Since 1998, NPT and its editor-in-chief Paul Clolery announce their view of the 50 individuals who contributed the most to advancing the nonprofit community in the previous 12 months in their list, NPT Power & Influence Top 50.I follow the list religiously and respect the editor as a fair and objective journalist. Just so we get this out of the way, the Hartsook Chair, Adrian Sargeant — who was on the list last year — didn’t make it this year. I will kid Paul about it and he will ignore me like he always does, but there is something more important than Adrian not making the list.The list has a glaring absence of the academic community.I did my own count and could only identify two individuals who were academically based. I am not naive about the fact that others do research and certainly the list cites many who, from one perspective or another, are advancing fundraising through research. Bill McGinly at AHP comes to mind. But the fact remains, with Adrian’s absence, no one from the Center on Philanthropy at Indiana University made the list. No one from one of their largest projects, Giving USA, made the list. Please don’t hear criticism of NPT or the Center or Giving USA. Rather, this is a concern you have heard from repeatedly from me about the lack of serious work being done in the academic world.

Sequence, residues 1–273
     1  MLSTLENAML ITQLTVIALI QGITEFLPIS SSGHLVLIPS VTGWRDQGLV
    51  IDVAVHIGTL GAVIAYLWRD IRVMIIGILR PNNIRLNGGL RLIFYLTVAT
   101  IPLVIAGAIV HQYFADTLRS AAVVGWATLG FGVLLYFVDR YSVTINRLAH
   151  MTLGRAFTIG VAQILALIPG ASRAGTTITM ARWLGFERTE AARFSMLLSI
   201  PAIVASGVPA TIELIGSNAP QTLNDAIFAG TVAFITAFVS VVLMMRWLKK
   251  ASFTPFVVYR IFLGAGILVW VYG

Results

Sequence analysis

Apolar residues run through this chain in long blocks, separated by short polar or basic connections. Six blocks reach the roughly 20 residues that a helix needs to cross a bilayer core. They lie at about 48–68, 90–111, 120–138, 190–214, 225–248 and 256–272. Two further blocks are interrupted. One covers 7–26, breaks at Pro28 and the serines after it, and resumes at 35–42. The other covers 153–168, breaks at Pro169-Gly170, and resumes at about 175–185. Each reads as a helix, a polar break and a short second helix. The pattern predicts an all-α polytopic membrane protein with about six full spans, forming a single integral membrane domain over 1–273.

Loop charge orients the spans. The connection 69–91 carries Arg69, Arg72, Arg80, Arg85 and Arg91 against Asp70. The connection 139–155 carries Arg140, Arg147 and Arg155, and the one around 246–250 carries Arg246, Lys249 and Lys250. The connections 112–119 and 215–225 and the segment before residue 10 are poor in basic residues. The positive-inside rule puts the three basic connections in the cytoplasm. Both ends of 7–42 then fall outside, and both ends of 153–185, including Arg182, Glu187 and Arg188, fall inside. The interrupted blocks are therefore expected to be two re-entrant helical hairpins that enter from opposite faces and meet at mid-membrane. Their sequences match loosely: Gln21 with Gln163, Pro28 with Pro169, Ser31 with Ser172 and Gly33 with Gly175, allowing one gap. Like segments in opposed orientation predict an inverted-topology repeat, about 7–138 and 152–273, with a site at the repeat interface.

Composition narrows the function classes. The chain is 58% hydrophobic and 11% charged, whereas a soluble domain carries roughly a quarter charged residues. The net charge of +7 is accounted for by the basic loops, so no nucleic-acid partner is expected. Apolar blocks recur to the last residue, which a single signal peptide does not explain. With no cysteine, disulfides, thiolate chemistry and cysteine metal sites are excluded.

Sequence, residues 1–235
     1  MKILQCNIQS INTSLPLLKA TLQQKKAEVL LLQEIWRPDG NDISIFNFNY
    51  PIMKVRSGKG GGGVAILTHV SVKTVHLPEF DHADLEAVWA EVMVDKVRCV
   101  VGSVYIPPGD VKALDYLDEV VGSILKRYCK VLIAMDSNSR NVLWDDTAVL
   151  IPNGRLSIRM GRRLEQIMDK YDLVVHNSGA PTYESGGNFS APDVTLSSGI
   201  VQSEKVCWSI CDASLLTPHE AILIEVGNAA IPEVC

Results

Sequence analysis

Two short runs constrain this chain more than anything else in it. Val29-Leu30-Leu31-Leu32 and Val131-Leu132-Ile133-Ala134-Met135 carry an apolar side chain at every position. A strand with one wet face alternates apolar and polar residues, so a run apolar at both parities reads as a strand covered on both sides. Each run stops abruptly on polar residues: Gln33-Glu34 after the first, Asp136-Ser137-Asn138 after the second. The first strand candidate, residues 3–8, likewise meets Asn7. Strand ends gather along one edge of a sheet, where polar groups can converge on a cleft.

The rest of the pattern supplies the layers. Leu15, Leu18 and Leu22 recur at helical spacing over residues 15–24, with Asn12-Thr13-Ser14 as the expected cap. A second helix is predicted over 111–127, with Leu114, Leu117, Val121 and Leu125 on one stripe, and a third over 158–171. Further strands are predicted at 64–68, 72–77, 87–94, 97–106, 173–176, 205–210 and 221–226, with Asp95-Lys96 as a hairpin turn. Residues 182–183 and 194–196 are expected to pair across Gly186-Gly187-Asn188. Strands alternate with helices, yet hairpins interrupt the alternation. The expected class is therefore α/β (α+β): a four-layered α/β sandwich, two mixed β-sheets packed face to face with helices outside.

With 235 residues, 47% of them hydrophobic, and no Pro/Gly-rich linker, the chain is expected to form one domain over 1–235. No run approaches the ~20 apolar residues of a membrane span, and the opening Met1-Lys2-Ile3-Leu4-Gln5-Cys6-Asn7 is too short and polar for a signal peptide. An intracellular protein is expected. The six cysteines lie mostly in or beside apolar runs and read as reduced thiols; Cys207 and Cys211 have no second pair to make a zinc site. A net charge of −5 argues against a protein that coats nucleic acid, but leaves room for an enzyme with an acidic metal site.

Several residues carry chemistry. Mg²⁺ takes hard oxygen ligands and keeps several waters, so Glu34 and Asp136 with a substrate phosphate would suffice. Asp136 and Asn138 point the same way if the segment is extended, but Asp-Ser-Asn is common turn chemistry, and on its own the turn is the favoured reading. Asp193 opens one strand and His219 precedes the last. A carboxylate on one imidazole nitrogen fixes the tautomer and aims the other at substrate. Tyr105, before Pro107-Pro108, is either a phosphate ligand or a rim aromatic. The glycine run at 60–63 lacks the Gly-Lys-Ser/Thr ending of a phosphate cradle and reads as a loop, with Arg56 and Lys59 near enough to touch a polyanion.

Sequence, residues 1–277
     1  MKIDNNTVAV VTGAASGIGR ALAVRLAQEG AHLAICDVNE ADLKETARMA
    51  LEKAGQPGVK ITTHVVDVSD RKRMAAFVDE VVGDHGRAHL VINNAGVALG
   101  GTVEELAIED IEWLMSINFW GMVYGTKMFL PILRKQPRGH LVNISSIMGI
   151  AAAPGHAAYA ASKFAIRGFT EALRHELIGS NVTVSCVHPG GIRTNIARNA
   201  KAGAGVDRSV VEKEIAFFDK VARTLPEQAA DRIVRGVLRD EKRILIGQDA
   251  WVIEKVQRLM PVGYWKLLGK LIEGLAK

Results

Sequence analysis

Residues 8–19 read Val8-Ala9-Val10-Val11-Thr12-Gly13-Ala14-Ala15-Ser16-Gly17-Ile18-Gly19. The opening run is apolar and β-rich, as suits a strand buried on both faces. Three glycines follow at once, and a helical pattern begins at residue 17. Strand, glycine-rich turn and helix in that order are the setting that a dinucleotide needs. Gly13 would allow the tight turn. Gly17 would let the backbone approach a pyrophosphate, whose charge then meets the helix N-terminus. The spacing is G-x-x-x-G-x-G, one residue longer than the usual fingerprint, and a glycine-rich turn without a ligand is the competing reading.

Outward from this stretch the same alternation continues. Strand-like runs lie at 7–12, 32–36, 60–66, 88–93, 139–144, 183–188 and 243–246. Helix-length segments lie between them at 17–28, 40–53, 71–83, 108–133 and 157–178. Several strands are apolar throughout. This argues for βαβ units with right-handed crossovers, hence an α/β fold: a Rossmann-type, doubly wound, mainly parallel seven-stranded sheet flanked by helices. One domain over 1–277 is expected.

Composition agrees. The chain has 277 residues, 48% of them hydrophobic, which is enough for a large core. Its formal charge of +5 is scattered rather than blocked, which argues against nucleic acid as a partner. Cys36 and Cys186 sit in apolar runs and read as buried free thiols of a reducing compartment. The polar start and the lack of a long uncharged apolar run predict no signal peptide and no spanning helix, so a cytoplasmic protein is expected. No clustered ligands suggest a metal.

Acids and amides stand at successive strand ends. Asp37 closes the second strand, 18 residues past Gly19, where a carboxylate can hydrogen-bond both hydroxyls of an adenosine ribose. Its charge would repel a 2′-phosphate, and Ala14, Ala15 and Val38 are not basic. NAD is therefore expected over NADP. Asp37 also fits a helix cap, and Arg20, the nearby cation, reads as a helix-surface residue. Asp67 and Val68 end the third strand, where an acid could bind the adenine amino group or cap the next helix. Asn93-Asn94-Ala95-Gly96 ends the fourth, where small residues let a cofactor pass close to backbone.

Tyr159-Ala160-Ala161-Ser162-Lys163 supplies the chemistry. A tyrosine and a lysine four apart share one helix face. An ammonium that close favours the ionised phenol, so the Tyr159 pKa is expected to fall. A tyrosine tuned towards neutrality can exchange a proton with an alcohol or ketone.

But here is my criticism . . . (you knew it was going to come, didn’t you?) There is a place for anecdotal experience and stories. You know I am not bashful about telling them. But with all due respect to those with good stories and successful experiences (I count myself in that group), it is time we start building a body of knowledge on which to base our teaching.Unfortunately, AHP has to develop their own. In fairness, maybe they are using academic support. Clearly AFP doesn’t meet the needs of their members and university fundraisers are building their body of knowledge within CASE. All of this is good, but as a practitioner who has personally worked with over 500 nonprofits, I find there is an advantage in having a broad base of knowledge and then honing those skills based on it for the discipline you are serving instead of the reverse.How many doctors are taught first how to do a heart transplant before learning to take temperature? How many lawyers are first taught how to bring a class action suit before understanding the common law? Even as a teacher, you need to understand the basis and history of education. But in fundraising, nonprofit management, or philanthropy, we glide over that quickly and move on to the practical.Nonprofit programs frequently celebrate that they are taught by practitioners rather than academics. We all get the point. Non-profits are a unique kind of animal. “Gee, we wouldn’t want to have some basis theory influence the behavior of future nonprofit managers.” This behavior is particularly egregious in the field of fundraising. “Let’s get practitioners.”Even worse: out of the 150 nonprofit or philanthropy programs, two thirds don’t require a course in fundraising. Can you believe that? We are putting out master degree graduates who are believed to be good managers and they don’t even have a philosophy course in fundraising! (Oh, you didn’t know there was a philosophy to fundraising?)A client in Iowa gave me a brochure about a master degree in nonprofits and philanthropy at one of their state universities. They offer one course in fundraising: Grantsmanship. Get ready . . .You aren’t going to believe this. Guess which department is teaching the course in Getting Grants? (See my blog on the difference between Grants and Gifts).If you guessed the English department, you were right. Certainly our educational system has failed us in building a literate body (I used to have a senior employee of mine who could not put together a grammatically correct sentence. He is no longer with us), but if fundraising or nonprofit management students need improved English skills, then this should be a remedial upgrade. Maybe I’m speaking out of line. Perhaps they have a great English professor who knows grants. By the way, if you read my blog you know there is no difference between a grant and gift. I’ll bet the English prof doesn’t know that.I hear you, I hear you. Bob, wrap this up.You all know my interest in growing philanthropy and if you trust NPT, it ain’t growing because of innovation at the academic level.This year, they recognized 15 trade associations, 14 Foundations, four Philanthropy Advocacy groups, two educational institutions, one government, and 14 direct service organizations. The editor makes it clear they were trying to highlight tech-oriented groups. He accomplished his task.Congratulations to NonProfit Times’ 50 most powerful and influential people in the nonprofit tech-oriented arena. Thanks to NPT for taking time to assemble the list and bringing it to our attention.